My Dear Mother,
Well Mother I rec' your New Years parcel the other day and thank you very much for it. George and Arthur told me to thank you very much for the writstlets and knee cap. We were on the ranges all last week and expect to be there all this week. Last week we were up at five-thirty every morning but this week we go town in the afternoon and is nearly six o'clock when we get back. We get our lunch at eleven and eat it down on the ranges.
The muffler you sent was fine and the socks too. Each of us got a wollen scarf from the patriotic society at home. I will have to write to the Horrocks boys and thank them for the package of gum. I got a parcel from Mr and Mrs Leith the other day and a cake from Ernie McPhail. It was very thoughtful of him to think of sending it. He sent the other lads one each too.
I got several snapshots which we took when we were in the other hut and I am sending some home. The one with the beds in and marked is where Mac Woods and I sleep or used to when we were in the other hut. Has Father left for Vancouver yet? I suppose there is plenty of snow and good sleighing by this time.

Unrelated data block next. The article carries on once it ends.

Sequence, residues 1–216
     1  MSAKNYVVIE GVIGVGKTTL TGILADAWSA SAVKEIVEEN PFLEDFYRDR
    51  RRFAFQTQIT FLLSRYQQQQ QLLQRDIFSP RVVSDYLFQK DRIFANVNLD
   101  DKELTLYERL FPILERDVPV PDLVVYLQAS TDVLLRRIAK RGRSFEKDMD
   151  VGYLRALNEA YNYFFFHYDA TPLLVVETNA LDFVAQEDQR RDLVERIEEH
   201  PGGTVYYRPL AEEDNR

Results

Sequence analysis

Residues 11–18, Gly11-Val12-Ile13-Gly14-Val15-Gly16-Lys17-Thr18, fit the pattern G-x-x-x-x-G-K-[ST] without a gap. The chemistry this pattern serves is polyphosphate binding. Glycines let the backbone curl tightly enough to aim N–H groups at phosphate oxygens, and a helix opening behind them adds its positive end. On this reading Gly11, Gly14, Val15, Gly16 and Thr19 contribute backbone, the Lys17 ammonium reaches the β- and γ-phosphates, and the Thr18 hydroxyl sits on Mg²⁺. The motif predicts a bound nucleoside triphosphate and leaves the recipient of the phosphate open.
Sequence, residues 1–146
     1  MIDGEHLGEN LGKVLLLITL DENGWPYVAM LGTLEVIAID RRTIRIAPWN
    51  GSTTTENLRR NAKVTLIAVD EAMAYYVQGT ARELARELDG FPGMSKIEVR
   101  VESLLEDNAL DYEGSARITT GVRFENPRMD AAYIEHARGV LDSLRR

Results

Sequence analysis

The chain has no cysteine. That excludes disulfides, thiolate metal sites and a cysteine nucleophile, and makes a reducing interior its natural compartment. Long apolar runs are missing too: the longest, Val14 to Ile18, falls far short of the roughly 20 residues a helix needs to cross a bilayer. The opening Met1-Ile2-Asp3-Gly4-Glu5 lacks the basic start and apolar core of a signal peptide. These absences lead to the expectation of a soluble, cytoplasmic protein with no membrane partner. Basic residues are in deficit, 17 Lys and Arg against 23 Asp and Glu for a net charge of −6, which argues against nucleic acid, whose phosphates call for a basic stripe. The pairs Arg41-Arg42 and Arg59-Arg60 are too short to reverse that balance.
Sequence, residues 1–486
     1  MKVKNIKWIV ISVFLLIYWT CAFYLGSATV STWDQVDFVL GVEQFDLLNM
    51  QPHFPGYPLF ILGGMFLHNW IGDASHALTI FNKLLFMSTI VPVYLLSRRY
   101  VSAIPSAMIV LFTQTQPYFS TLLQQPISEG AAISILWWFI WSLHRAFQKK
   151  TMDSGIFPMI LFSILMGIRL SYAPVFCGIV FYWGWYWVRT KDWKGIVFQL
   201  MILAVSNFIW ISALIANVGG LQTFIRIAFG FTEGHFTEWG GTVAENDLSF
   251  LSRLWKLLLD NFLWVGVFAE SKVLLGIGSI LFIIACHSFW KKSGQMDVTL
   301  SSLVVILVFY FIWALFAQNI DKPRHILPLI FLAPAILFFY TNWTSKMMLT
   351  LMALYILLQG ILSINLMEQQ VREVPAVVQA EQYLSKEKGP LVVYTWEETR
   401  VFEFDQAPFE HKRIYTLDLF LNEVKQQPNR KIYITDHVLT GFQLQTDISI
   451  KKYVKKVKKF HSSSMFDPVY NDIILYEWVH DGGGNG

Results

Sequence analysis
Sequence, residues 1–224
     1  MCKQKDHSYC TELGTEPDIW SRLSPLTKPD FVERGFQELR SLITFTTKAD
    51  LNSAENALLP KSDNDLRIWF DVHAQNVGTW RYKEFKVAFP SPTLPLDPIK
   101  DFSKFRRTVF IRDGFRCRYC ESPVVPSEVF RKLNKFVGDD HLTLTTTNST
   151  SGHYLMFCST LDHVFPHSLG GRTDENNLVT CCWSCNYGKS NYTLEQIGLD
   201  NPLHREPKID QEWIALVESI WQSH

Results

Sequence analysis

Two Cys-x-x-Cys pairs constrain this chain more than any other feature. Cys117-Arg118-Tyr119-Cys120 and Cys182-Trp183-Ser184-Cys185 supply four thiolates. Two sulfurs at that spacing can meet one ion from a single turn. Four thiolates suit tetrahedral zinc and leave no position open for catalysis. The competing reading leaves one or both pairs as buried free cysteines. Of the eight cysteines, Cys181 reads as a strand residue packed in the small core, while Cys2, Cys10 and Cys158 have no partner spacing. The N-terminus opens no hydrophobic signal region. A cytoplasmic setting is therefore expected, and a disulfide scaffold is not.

Yesterday we were on parade nearly all day. We attended church parade in the morning and at ten-thirty we had to parade with full kilts on and again at one-thirty. We were on the parade grounds all day. We were supposed to have an inspection today but we were down on the ranges and so missed it. I think we are going to be moved away from the camp. Where to I don't know. We haven't had any rain for two or three days and the ground is beginning to get kind of dry. I haven't had a letter from Frank for some time but I guess he was busy at College around Christmas time. I haven't got that box of apples that Father sent now I guess I won't get them. Did you get that [?] that I sent in a letter a few days ago. Major Grassy who is in command of our battalion is very particular on inspection days. Our whole sack weighs about sixty pounds in all with our rifles but we [?] our pack down while on every day parade. The orderly Corp. just came in and told us that we have to parade at six-thirty [?] gratulate you on being made president of the patriotic society. I guess every body is busy working for the soldiers in Belmont. Well Mother this is all the news of this time. With love to all.
You Loving Son